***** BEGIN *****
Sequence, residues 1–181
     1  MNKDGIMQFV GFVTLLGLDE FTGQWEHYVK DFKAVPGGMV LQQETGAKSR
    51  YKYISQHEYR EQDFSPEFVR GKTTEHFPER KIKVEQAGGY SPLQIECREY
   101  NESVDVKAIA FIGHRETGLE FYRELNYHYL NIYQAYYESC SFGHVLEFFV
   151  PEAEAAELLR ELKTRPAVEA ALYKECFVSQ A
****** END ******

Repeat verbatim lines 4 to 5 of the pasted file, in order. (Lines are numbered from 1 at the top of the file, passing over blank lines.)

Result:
   101  NESVDVKAIA FIGHRETGLE FYRELNYHYL NIYQAYYESC SFGHVLEFFV
   151  PEAEAAELLR ELKTRPAVEA ALYKECFVSQ A